This is one of the few times when we can use the designer’s own words to describe a coin. Concerning the obverse, designer Adolph A. Weinman wrote “The design of the half dollar bears a full-length figure of Liberty, the folds of stars and stripes flying to the breeze as a background, progressing in full stride toward the dawn of a new day, carrying branches of laurel and oaks, symbolic of civil and military glory. The hand of the figure is outstretched in bestowal of the spirit of Liberty.” Spaced around the rim of the coin is LIBERTY, the motto IN GOD WE TRUST is placed at the lower right of the coin, and the date is at the bottom. For the reverse, Weinman said “The reverse of the half dollar shows an eagle perched high upon a mountain crag, his wings unfolded, fearless in spirit and conscious of his power. Springing from a rift in the rock is a sapling of Mountain Pine symbolic of America.” The reverse has the denomination spelled out at the bottom; E PLURIBUS UNUM is located between the eagle’s chest and the left edge of the coin; and UNITED STATES OF AMERICA arcs along the upper rim of the piece.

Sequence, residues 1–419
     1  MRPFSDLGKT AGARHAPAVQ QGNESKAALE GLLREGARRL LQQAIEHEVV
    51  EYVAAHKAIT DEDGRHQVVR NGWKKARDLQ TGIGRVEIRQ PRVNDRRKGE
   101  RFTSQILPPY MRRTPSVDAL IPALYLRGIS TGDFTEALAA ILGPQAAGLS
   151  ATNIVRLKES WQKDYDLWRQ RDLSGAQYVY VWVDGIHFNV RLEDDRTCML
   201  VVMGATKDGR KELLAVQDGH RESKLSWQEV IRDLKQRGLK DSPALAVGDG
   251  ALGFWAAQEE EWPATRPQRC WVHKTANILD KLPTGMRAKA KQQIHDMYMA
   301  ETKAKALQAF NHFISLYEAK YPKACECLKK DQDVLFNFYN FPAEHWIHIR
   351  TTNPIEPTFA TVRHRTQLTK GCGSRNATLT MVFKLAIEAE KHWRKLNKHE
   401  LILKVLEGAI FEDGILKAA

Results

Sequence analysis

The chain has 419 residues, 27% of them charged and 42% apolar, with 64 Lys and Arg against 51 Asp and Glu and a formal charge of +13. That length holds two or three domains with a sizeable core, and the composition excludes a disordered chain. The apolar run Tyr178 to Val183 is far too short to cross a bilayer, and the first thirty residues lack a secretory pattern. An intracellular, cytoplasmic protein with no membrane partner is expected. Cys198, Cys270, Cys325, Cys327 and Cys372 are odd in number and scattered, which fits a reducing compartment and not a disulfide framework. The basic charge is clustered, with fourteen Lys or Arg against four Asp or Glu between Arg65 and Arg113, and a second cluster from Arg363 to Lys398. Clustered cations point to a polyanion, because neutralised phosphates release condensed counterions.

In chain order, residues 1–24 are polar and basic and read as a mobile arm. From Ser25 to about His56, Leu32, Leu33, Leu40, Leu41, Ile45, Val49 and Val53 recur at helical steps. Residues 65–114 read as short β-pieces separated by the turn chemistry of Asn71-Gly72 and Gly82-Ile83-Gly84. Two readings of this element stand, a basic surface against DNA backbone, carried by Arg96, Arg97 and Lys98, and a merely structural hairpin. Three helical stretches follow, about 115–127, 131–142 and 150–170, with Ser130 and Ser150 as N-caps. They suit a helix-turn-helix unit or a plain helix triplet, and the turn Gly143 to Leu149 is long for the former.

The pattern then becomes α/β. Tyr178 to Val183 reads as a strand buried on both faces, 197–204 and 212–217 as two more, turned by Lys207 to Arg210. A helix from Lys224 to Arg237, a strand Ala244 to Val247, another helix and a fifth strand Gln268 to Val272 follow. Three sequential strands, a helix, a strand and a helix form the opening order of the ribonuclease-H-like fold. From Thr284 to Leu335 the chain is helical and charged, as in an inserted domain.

This coin is universally considered to be the most beautiful silver coin ever minted by the United States. Such is the beauty of the design that the obverse was chosen to grace the obverse of the silver eagle bullion coin. Walking Liberty Halves, commonly referred to simply as “Walkers”, are one of the most highly collected of all the U.S. coins. Although many place just one high-grade example in a Type set, this is a set that has legions of complete date and mintmark set-builders. One of the attractions is that even the most expensive of the key dates are well within the reach of most collectors if those key dates are acquired in lower, circulated grades.
Walkers were minted in Philadelphia, Denver and San Francisco, and all have reeded edges. Coins dated 1916 have the mintmark on the obverse, just beneath IN GOD WE TRUST. The 1917 issue began with the mintmark on the obverse, but a change was made during the year and the mintmark was moved to the reverse, just under the sapling at the coin’s lower left edge
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